“At this moment everybody needs Gulf oil, everybody needs Saudi Arabia and the UAE onboard,” says Abdulkhaleq Abdulla, an Emirati professor of politics. “Some in Washington definitely don’t realise there’s a new Gulf and we no longer take orders from Washington.”
While Gulf states are exuding new confidence, the absolute monarchies have also grown less patient with what they consider the US’s unreliability as a partner in the region.
Riyadh has increasingly complained about what it perceives to be unpredictable US policy — including towards its regional arch-rival Iran — and has expressed concerns that Washington has not provided the level of security it desires, despite decades of American weapons sales.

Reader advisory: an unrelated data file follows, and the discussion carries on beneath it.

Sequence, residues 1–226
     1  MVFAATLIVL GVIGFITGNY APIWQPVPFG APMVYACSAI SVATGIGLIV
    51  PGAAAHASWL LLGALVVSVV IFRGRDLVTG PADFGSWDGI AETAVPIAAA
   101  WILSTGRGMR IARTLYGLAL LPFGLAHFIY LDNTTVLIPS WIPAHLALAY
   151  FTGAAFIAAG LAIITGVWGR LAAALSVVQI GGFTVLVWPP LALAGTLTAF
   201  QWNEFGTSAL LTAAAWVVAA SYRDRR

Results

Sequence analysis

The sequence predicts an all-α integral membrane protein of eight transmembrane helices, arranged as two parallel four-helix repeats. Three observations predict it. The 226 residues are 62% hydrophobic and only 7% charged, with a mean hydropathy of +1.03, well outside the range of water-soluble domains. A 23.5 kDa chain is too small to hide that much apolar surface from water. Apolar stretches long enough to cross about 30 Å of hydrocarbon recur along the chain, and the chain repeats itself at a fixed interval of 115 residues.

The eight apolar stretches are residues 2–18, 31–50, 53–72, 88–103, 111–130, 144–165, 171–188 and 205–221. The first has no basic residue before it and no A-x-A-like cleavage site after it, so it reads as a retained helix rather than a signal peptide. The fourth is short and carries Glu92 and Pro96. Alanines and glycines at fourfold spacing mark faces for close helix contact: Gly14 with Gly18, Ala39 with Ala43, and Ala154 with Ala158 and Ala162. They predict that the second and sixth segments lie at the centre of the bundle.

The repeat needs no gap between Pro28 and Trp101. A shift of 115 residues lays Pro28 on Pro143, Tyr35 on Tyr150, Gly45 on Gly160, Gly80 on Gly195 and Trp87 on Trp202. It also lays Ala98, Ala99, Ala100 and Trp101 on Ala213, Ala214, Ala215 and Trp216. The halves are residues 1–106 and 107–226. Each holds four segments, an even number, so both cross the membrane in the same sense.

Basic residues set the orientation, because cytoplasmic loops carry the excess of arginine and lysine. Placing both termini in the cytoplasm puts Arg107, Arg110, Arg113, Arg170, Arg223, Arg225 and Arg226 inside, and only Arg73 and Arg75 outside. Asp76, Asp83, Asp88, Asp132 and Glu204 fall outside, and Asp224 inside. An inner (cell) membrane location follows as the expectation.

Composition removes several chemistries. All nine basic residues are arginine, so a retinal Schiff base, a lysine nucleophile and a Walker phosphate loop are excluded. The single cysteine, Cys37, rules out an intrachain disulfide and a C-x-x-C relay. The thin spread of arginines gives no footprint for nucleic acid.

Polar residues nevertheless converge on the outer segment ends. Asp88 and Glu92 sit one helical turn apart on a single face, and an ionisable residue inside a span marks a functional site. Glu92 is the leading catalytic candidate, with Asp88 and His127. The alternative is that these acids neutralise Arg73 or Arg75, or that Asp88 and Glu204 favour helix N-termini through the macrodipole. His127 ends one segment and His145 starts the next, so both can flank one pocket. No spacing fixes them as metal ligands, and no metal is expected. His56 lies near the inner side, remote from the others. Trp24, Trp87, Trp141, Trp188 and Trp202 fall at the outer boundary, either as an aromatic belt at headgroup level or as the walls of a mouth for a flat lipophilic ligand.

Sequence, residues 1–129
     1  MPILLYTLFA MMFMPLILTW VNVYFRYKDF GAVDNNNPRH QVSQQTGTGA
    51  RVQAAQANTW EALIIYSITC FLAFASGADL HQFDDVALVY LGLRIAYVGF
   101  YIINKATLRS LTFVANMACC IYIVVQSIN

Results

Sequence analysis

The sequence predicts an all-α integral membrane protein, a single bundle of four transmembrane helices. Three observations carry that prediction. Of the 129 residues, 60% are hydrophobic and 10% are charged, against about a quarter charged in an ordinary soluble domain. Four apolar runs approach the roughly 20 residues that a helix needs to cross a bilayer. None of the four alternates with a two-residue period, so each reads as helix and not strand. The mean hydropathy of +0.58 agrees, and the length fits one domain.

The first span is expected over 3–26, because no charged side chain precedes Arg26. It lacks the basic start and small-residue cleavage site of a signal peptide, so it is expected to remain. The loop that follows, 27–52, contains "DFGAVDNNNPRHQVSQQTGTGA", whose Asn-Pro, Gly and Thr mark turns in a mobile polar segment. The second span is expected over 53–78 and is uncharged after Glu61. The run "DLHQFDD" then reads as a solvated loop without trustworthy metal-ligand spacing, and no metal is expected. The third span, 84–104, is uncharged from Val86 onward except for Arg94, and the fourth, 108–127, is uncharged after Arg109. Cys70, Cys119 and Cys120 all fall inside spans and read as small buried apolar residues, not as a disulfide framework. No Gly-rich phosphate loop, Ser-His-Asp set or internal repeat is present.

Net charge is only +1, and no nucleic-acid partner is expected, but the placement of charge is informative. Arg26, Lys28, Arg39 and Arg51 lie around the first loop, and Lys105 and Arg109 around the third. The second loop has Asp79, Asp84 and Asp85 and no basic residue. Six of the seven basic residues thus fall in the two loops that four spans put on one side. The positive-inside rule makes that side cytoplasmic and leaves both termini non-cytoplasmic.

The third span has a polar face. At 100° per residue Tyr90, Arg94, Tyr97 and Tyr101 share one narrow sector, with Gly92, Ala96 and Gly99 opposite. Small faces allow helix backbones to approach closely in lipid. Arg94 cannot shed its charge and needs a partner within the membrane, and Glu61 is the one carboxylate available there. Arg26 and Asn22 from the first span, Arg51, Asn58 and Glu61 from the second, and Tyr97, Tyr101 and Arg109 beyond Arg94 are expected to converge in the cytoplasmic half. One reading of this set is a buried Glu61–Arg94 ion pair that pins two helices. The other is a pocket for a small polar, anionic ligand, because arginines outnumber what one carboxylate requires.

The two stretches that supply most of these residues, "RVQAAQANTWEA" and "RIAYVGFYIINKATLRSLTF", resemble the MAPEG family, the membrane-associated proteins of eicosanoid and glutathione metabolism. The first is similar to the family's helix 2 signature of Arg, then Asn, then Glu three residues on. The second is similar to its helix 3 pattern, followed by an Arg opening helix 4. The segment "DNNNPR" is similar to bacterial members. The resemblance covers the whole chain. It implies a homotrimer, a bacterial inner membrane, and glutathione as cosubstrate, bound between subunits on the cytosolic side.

“They can cite 20 years of what they consider to be American fecklessness and America actually not being the source of security and stability in the region,” says Steven Cook, a senior fellow at the Council on Foreign Relations. “They really do believe they are the center of the universe right now and everybody needs to come to them.”
A senior US administration official says the Middle East has been a key focus of the White House, highlighting its efforts to preserve a truce in Yemen, the recent Gulf Cooperation Council Summit Biden held in Jeddah as well as other investments and efforts in the region.
As for the decision itself, Saudi officials insist politics was not involved. They reject the idea that the Opec+ decision this week involved any aggression towards the US or other consumers, and say it was not made in defence of Russia.
“Show me, where is the belligerence?” said Prince Abdulaziz after the meeting. “Where is the ill intent?”